metronews.ca WEEKEND, April 17-20, 2014

South Edmonton Common 1525 99th St.

Captain America: The Winter Soldier 3D (PG) Fri 1:20-4:30-7:40-9:55-10:50 Sat 1:20-4:30-7:40-10-10:50 Sun 1:204:30-7:40-9:55-10:50 Mon 12:25-3:356:40-9:10-9:45 Tue-Wed 1-4-7:05-9:1010:05 Thu 1:05-4:05-7:05-9:10-10:15 Divergent (PG) Fri-Sat 1:10-4:20-7:3010:45 Sun 4:20-7:30-10:45 Mon 12:403:45-6:50-9:55 Tue 1-4:05-7:10-10:15 Wed 12:50-3:55-10:15 Thu 12:50-3:5510:05 Draft Day (PG) Fri 11:50-2:50-5:308:10-10:50 Sat-Sun 12:05-2:50-5:308:10-10:50 Mon 11:55-2:30-5:05-7:4010:15 Tue 1:20-4:15-6:50-9:25 Wed 1:20-4:15-7:20-9:30 Thu 1:20-4:156:50-9:25 The Grand Budapest Hotel (14A) Fri-Sun 3:05-5:30-7:55-10:20 Mon 2:104:35-7-9:30 Tue-Thu 4:55-7:25-9:55 Heaven Is for Real (PG) No Passes Fri-Mon 12:20-2:50-5:20-7:50-10:15 No Passes Tue 2:20-4:50-7:20-9:55 No Passes Wed 2:20-4:50-7:15-9:55 No Passes Thu 4:50-7:15-9:55 Star & Strollers Screening, No Passes Thu 1 Hop (G) Sat 11 It Happened One Night (STC) Sun 12:55 Wed 7 The LEGO Movie (G) Fri 12:05-2:305:05 Sat 11:40-2:05-4:30 Sun 11:45-2:305 Mon 12-2:30-5 Tue 2:05-4:30 Wed 2:10-4:45 Thu 1:15-3:40 Mr. Peabody & Sherman (G) Fri 12:15 Sat 11:50 Sun 12:30 Mon 11:50 Tue-Thu 2:25 National Theatre Live: War Horse Encore (STC) Sat 12:30 Noah (PG) Fri 12:55-4:10-7:20-10:35 Sat 1:20-4:10-7:25-10:35 Sun 1-4:10-7:1510:35 Mon 12:15-3:40-10 Tue-Wed 12:55-4-10:10 Thu 12:55-4-7:05-10:10 Oculus (14A) Fri-Sat 12:25-3-5:35-8:1010:40 Sun 12:45-3:15-5:45-8:15-10:45 Mon 1:30-4-6:30-9 Tue 2-4:30-7-9:30 Wed 1:55-4:25-6:55-9:25 Thu 1:55-4:256:55-9:30 The Other Woman (STC) No Passes Thu 9 The Princess Bride (STC) Mon 7:30 Thu 7:30 The Raid 2: Berandal (18A) Fri 12:303:50-7:15-10:30 Sat-Sun 12:35-3:507:15-10:30 Mon 12-3:15-6:30-9:45 Tue 3:10-6:25-9:45 Wed-Thu 3:15-6:30-9:45 Rio 2 (G) No Passes Fri 11:40-2:15-4:507:25 No Passes Sat 11:30-2:15-4:50-7:30 No Passes Sun 11:30-2:15-4:50-7:25 No Passes Mon 12:30-3:50-6:35 No Passes Tue-Thu 1:10-3:40-6:30 Rio 2 3D (G) No Passes Fri 12:10-2:455:15-7:45-10:20 No Passes Sat-Sun 12:15-2:45-5:15-7:45-10:20 No Passes Mon 11:45-2:15-4:45-7:20-9:50 No Passes Tue 1:40-4:20-7:15-9:50 No Passes Wed 1:40-4:20-7:10-9:50 No Passes Thu 1:40-4:20-7:15-9:50 Trailer Park Boys: Don’t Legalize It (18A) Fri-Sun 1-3:25-5:50-8:15-10:45 Mon 12:10-2:40-5:10-7:40-10:20 TueThu 1:45-4:15-6:45-9:20 Transcendence (PG) No Passes Fri 11:15-2-4:50-7:40-10:30 No Passes Sat 11:10-2-4:50-7:40-10:30 No Passes Sun 2-4:50-7:40-10:30 No Passes Mon 1:40-4:30-7:20-10:10 No Passes Tue-Thu 1:30-4:20-7:10-10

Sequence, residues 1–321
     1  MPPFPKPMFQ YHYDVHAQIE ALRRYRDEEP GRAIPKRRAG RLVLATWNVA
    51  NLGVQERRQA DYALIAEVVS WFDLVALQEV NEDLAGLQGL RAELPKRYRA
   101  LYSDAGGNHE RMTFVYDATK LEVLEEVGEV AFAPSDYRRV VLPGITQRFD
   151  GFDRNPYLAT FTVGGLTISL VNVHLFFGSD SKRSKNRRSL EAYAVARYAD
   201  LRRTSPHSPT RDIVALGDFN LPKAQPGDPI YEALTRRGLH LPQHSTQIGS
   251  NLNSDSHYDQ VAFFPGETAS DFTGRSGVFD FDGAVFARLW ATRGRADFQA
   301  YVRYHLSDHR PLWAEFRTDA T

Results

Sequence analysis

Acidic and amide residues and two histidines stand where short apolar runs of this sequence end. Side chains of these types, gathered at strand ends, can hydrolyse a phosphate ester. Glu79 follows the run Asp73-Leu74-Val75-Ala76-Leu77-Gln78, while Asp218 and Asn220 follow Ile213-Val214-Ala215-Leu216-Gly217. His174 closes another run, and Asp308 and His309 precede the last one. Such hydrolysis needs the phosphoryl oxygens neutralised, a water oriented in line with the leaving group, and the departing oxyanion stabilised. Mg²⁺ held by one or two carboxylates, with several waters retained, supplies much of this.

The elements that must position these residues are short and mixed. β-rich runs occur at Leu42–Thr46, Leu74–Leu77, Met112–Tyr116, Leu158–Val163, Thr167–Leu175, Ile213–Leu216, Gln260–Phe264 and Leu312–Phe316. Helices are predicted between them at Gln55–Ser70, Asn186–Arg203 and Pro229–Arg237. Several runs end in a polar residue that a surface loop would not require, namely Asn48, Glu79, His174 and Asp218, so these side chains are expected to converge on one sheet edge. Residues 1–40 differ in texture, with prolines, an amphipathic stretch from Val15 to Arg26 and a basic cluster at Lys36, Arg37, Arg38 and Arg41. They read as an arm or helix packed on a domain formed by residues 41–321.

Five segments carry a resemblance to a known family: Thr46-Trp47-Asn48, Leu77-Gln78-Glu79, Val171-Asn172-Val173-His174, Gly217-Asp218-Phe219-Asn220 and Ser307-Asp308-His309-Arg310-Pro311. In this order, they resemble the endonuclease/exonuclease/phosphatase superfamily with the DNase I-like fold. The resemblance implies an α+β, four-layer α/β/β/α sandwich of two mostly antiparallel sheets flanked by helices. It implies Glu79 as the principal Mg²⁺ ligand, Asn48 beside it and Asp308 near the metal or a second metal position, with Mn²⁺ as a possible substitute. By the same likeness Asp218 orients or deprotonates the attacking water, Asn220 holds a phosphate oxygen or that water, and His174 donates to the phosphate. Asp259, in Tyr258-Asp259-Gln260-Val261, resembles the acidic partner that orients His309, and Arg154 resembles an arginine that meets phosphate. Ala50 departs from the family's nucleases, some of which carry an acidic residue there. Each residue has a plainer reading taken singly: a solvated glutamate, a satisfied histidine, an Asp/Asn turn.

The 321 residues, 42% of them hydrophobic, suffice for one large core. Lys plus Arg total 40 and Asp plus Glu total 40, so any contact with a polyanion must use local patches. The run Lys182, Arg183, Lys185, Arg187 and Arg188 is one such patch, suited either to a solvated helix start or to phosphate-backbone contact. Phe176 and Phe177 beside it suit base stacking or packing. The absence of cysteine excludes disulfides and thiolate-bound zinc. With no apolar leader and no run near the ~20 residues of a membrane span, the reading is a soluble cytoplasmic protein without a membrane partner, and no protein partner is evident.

Telus World of Science IMAX theatre. 1121-142 St., Island of Lemurs: Madagascar 3D (G) Fri-Sat 11-1-3:20-4:30-6:50 Sun 11-13:20-4:30 Mon 11-1-3:20 Tue-Thu 3:10 Jerusalem 3D (G) Fri-Sat 9:45-12-2:105:40-8 Sun 9:45-12-2:10 Mon 9:45-122:10-4:30 Tue-Thu 4:20

Grandin Theatres 101-22 Sir Winston Churchill Ave. St. Albert

Captain America: The Winter Soldier

(PG) Fri-Thu 1:15-4-6:50-9:25 Divergent (PG) Fri-Thu 6:40-9:20 Mr. Peabody & Sherman (G) Fri-Thu 12:55-2:45-4:35 Muppets Most Wanted (G) Fri-Thu 12:40-2:55-5:10 Non-Stop (PG) No Passes Fri-Thu 7:25-9:30 Rio 2 (G) No Passes Fri-Thu 1-3-57-9:05 Transcendence (PG) No Passes Fri-Thu 1:45-4:30-7:10-9:35

Galaxy Cinemas Sherwood Park 2020 Sherwood Dr.

Bears (G) No Passes Fri-Mon 1:203:25-5:30-7:35-9:40 No Passes Tue-Thu 7:35-9:35 Captain America: The Winter Soldier (PG) Fri-Mon 12-3:10-6:20-9:30 TueThu 6:30-9:40 Captain America: The Winter Soldier 3D (PG) Fri-Mon 12:40-3:50-7-10:10 Tue-Thu 7-10:05 Divergent (PG) Fri-Mon 12:20-3:356:50-10:05 Tue-Thu 6:40-9:50 Draft Day (PG) Fri-Mon 1-3:45-6:409:25 Tue-Thu 6:50-9:30 Heaven Is for Real (PG) No Passes Fri-Mon 11:55-2:30-5:05-7:40-10:15 No Passes Tue-Thu 7:35-10:05 Hop (G) Sat 11 The Last Unicorn (STC) Thu 7 Mr. Peabody & Sherman (G) Fri-Mon 1:30-4 Noah (PG) Fri-Mon 6:30-9:45 Tue-Wed 6:35-9:45 Rio 2 (G) No Passes Fri-Mon 11:30-2:05 Rio 2 3D (G) No Passes Fri-Mon 4:407:20-9:55 No Passes Tue-Thu 7:15-9:55 Trailer Park Boys: Don’t Legalize It (18A) Fri-Mon 11:50-2:30-5-7:30-10 Tue-Thu 7:20-9:50 Transcendence (PG) No Passes Fri-Mon 1:10-4:10-7:10-10:10 No Passes Tue-Thu 7:05-10